Which types of formative tests are the most useful?

Use-related risks are difficult to identify unless you conduct simulated use testing with your device. Therefore, you need to get your device in the hands of your intended users, in the intended use environment, and ask them to simulate the use of the device. It is not critical to evaluate a specific number of users. Two or three users might be enough, but simulated use by intended users in the intended use environment is essential to give you the information you need regarding potential use errors. It is also important to avoid “leading” the users. Instead of asking users to perform a specific task, ask users to show you how they would use the device. Ask them what they like about the device, and ask them what they don’t like about the device. Ask users what they think about the device, and ask them how it compares to other devices they are already using.

Who should you recruit for your formative usability testing?

You should start your human factors process by defining the intended user of your device and by defining if there is more than one user group. You then should recruit subjects that are within this user group(s). You can use employees or friends to help you with initial feedback about the usability of your device’s user interface. However, what seems intuitive to one person may be the opposite for other people with different experiences. Even the sequence of steps in which users perform the same tasks can impact usability. Therefore, be very cautious about relying upon data collected only from subjects that are outside your intended user group. Most companies disregard this advice because they are unsure of how to recruit their intended users. However, if your company has difficulty identifying intended users for testing, you will also have difficulty marketing and selling your device later. This struggle may be an indicator that you need to involve marketing and salespeople that can get your prototypes in the hands of the intended users.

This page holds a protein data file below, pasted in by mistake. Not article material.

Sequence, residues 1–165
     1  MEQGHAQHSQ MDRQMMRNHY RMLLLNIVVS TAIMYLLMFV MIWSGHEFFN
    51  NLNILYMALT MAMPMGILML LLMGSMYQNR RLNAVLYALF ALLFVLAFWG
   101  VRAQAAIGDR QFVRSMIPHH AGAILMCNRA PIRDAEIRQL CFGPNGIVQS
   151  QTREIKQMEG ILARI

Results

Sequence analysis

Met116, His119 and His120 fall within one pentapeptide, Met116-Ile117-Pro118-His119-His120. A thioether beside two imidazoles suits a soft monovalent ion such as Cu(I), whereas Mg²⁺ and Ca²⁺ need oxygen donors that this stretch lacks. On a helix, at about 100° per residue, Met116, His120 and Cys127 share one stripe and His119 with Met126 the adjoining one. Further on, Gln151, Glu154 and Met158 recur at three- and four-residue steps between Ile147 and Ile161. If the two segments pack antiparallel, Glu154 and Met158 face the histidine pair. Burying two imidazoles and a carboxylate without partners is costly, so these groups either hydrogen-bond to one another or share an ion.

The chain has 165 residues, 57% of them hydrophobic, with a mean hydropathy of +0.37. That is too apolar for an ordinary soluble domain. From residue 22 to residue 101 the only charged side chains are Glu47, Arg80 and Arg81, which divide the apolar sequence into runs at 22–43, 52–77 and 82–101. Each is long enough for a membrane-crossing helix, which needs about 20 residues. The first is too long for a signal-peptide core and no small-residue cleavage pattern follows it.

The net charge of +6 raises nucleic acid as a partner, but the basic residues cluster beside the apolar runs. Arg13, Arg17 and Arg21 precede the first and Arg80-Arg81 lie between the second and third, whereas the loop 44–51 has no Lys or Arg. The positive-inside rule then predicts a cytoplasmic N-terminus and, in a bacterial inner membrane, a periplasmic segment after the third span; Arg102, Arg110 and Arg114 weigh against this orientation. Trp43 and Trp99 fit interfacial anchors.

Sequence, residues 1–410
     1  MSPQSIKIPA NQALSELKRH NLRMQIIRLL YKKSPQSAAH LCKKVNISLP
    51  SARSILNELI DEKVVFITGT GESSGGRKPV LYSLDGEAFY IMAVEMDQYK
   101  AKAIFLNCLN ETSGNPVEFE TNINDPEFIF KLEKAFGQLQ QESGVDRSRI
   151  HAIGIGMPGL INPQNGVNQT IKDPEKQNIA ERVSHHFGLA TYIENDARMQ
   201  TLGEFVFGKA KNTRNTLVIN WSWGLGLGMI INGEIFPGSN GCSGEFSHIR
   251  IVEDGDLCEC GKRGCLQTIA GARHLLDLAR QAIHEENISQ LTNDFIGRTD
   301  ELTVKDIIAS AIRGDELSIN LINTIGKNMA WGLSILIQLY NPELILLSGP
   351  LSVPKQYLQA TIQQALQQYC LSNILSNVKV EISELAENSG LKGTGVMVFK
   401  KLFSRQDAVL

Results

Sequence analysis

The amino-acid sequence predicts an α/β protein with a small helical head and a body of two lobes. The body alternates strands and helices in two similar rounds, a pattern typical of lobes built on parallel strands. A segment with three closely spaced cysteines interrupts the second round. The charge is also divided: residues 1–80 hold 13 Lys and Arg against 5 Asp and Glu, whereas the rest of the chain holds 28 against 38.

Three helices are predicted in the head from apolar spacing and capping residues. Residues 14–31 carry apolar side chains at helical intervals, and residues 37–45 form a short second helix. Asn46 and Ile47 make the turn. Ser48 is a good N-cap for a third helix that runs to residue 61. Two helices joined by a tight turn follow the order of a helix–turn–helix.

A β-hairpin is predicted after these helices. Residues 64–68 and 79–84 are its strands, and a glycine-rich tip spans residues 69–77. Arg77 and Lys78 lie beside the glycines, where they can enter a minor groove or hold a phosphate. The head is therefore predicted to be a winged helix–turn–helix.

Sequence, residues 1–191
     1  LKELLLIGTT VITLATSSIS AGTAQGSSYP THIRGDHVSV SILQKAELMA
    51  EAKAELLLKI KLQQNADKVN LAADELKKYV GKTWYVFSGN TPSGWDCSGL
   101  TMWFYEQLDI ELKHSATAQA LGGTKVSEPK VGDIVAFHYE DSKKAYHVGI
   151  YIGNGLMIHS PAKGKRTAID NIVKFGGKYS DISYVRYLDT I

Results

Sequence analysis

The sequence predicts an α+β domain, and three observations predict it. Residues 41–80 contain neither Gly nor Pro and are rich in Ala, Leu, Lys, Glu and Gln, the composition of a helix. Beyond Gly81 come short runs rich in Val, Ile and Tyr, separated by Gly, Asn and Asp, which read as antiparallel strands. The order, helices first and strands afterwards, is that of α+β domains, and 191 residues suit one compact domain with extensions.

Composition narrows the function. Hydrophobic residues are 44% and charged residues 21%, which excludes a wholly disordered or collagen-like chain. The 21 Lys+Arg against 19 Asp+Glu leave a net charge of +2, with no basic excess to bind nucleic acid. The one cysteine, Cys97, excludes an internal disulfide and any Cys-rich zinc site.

How should you document formative studies?

When you are performing summative usability testing you already know exactly what your use-related risks are and you have a list of critical tasks that you are trying to verify users can perform without use errors. Because these tasks are clearly defined, it is easier to write a protocol and it is easier to design data collection forms for study moderators to use. In contrast, when you are conducting formative usability testing you are trying to identify use errors that you are not already aware of. Therefore, it is much harder to write a detailed protocol and design a data collection form. For this reason, it is critical to capture the data with video recordings. This is a safety measure you are taking to ensure that you will not miss valuable use errors or use tasks that you had not already identified. The use of video to record data allows the moderator to focus on observation and interviewing users with open-ended questions. This will generate the most value for your design team during the development process.

Where is testing performed?